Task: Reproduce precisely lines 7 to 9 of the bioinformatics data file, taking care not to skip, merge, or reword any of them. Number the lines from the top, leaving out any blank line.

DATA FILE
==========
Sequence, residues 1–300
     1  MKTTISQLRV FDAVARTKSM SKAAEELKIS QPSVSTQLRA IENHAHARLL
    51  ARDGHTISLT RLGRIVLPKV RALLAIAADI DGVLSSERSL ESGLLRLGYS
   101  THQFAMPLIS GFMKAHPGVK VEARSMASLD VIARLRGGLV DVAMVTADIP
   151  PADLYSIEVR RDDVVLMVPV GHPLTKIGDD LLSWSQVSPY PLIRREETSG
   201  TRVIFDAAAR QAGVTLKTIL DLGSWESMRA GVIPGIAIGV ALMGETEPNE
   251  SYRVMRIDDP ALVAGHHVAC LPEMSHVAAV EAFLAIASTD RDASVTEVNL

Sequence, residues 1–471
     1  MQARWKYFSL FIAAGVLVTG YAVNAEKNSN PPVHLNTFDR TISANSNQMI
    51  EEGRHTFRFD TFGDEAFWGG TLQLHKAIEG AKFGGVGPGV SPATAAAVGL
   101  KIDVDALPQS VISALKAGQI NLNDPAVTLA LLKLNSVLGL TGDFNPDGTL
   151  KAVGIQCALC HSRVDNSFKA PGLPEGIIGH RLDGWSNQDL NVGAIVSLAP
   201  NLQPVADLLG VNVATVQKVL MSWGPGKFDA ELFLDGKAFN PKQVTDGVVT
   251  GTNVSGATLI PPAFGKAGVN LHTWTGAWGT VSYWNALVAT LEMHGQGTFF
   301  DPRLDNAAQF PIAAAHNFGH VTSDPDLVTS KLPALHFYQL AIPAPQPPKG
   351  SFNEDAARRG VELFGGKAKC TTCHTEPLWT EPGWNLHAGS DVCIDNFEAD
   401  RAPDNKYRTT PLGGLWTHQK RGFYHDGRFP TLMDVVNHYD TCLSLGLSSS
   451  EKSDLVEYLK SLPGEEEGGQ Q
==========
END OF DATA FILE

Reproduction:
   251  SYRVMRIDDP ALVAGHHVAC LPEMSHVAAV EAFLAIASTD RDASVTEVNL

Sequence, residues 1–471
     1  MQARWKYFSL FIAAGVLVTG YAVNAEKNSN PPVHLNTFDR TISANSNQMI